Yesterday, Gracie (our lionhead rabbit) had her Health & Wellness exam. As you can see there are a few things different about her. A shaved mouth and stitches!
I’ve been keeping Oreo and Gracie separate until they bond. Females rabbits can be a bit challenging but it’s doable if you have patience. I have plenty of that. In the past, I’ve successfully bonded females. It’s not advised to put them in the room unsupervised. It could be like WWE in bunny land! What with the potential of kicking bunny feet, boxing front paws, fur flying, and who knows what else. You don’t want that!
With Oreo and Gracie, the initial introductions were done in a area neutral to both of them. Both were in small cages a few inches apart from each other. It gave them a chance to sniff each other. That was successful so I then moved the cages close together. They were in touching distance. They sniffed and seemed fine. Since that worked well, I moved on to the next phase.
With Oreo and Gracie, occasionally I have let Gracie into Oreo’s room (supervised of course.) But only while Oreo is caged, so they can get used to each others scent. As you can see in the link, Oreo would come up and greet Gracie with a bunny sniff and then hop away.
Rabbit bonding gone wrong
Monday night when Gracie hopped up to Oreo’s cage to say hi, instead of sniffing her Oreo nicked her through the cage. Which left me wondering. How in the world did she manage to do that? The cage bars are small, so I’m guessing her nails on her front paws or her hind legs might have swiped her? The bleeding was minimal and Gracie was hopping around like normal (sporting a cut) after a bit of consolation from my daughter, Angel and me. Even though she looked fine. I still felt like such a bad fur mom!
I immediately called the vet and relayed what happened. I told them that although she was cut, she was still her inquisitive self, hopping around and eating. Since I had already scheduled an appointment for the following day, they told me they’d check her out then.
Upon arrival at the animal hospital Gracie’s vet (same as Oreo’s) had a chance to thoroughly check her. She recommended laceration surgery. I was expecting this, based on the lengthy research I’d done on Monday night. Gracie’s vet also said that I didn’t have to get the procedure; however, she strongly recommended it since it would ensure that it didn’t get infected and the stitches would help it heal correctly. Of course I chose surgery!
We left Gracie at the vet. We returned home and waited for the call. Those time drug by… I was extremely worried, but tried not to show it since my daughter blamed herself. Of course I told her this wasn’t her fault. We both were concerned about Gracie and were hoping she was fine. Three hours later, we received the call that her surgery was successful! I must say we both were relieved to get that call.
Upon returning to the animal hospital, her vet gave me a lot of meds to give her during the recovery process. We also noticed that Gracie was now sporting a new look; fur shaved close near her mouth and she now had black stitches to help the cut heal properly. Even with the new appearance, we were thrilled to see that Gracie was fine. I must say, it was great to see our furbaby again. My daughter and I both gave her gentle hugs.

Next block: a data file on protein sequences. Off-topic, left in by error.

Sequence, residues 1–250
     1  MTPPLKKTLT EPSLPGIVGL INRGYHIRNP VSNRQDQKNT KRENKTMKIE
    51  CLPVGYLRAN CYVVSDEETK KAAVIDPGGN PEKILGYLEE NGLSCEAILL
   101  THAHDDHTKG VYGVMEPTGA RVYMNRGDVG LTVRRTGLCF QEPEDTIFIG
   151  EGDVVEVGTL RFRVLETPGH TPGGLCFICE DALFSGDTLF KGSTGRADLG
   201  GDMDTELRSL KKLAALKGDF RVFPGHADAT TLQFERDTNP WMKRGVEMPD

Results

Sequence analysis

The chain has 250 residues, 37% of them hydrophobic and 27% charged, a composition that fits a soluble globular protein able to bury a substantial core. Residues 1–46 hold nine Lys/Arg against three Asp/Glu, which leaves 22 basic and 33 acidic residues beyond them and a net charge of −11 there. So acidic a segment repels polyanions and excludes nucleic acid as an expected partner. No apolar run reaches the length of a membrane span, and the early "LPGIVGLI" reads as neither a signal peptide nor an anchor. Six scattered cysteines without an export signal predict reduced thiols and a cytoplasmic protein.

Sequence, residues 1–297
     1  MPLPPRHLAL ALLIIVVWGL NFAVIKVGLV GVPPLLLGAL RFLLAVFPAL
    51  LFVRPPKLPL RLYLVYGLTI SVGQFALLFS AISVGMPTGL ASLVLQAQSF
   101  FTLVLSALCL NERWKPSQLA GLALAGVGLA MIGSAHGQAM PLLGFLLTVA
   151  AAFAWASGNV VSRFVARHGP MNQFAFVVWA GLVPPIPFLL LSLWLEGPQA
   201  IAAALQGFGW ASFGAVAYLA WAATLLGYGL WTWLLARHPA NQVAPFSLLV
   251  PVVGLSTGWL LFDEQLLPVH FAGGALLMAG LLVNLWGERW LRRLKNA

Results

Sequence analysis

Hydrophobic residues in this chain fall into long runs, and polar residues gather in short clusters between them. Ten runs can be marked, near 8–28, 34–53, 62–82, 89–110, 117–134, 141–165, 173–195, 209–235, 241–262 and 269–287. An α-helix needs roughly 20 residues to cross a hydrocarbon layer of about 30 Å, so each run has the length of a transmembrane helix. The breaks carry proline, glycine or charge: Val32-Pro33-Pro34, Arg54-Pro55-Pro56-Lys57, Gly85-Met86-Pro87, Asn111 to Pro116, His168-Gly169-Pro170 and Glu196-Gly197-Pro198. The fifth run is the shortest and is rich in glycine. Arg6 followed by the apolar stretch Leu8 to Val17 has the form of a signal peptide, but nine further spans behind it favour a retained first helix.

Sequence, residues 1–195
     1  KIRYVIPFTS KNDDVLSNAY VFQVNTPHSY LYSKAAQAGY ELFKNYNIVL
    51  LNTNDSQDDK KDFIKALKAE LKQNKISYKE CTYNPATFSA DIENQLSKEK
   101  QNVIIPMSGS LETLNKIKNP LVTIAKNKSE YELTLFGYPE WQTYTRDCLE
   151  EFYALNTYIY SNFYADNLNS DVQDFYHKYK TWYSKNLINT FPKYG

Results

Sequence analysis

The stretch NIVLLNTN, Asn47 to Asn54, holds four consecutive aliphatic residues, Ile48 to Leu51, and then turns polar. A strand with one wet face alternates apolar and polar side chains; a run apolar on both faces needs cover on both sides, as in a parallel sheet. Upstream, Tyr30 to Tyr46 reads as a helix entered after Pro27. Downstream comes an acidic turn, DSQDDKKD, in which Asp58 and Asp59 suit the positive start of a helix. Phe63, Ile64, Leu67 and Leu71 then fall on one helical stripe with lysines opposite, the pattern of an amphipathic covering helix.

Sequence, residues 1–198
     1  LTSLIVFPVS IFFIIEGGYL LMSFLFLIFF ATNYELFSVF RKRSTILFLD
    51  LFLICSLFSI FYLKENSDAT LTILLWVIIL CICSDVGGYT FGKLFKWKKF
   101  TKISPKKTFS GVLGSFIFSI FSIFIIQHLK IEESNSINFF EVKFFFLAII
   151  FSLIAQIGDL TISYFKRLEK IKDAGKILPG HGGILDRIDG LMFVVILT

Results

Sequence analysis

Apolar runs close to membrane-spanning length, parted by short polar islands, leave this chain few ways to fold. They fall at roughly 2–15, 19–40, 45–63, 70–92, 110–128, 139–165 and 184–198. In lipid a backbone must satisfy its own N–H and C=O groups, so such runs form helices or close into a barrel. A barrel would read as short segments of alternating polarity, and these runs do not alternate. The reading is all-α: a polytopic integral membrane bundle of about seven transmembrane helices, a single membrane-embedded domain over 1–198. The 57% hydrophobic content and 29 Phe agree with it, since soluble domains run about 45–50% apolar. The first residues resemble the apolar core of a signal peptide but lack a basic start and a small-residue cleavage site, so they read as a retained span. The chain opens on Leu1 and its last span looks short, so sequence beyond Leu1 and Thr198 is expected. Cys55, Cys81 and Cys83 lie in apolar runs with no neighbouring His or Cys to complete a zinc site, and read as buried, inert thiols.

How much was the procedure? The surgery, with medication (and other services administered) totaled $236. Several years ago, I created a savings account just for my pets. You know, in case, an unexpected surgery happened. Besides yesterday, I’ve only had to use it one time. That was with Hanuman, my silver mitt ferret. He loved rubber and swallowed part of a rubber ball. I’m still trying to figure out how he managed to do that! That surgery was $168.
Gracie is back to normal
Despite the unexpected events, Gracie is doing fine. She still likes to be held, loves to lick us and loves hopping beside me while I read. My Hiya Hiya knitting needles fascinate her and she likes to nose them while I knit. It’s so cute!
This sweet bunny loves being around others. I have to thank “A” again for being such an awesome fur mom to this delightful bunny. Our biggest challenge will be slowing her down a bit so she can heal.
Oreo is fine
Oreo is doing fine also and I don’t blame her for this unexpected event. I blame myself. Oreo is our timid girl, but over the past few weeks she’s been coming out her shell. I do wonder what type of life she had before she came to live with us. She was one year and eight days old when we adopted her from the Humane Society of Harford County.
Oreo now lets me hold her. She does interact with Mr. Bentley and Angel (without feeling threatened.)
The challenge will be bonding the two female rabbits; Oreo and Gracie. We’ll pick up bonding after Gracie has been spayed. I’m not planning on scheduling Gracie’s surgery until October. Hormones, can be a factor in how well the bonding sessions go and once she’s spayed that should help tremendously!
What I would have done differently
Although they seemed to get along, I should have taken more time before allowing Gracie in Oreo’s room. Yes, Oreo was confined to her home/cage, but she’s marked that entire room! In her bunny mind, that room is hers!
I will say, even if they never like each other, they both still have a furever home with us. We love both of them and can’t think of our home without them.
- Bonding: When the Going gets Rough
- Bonding Rabbits: A walk-through informational film
- Female Bonding: Lionheads Ariel & Miranda bonded!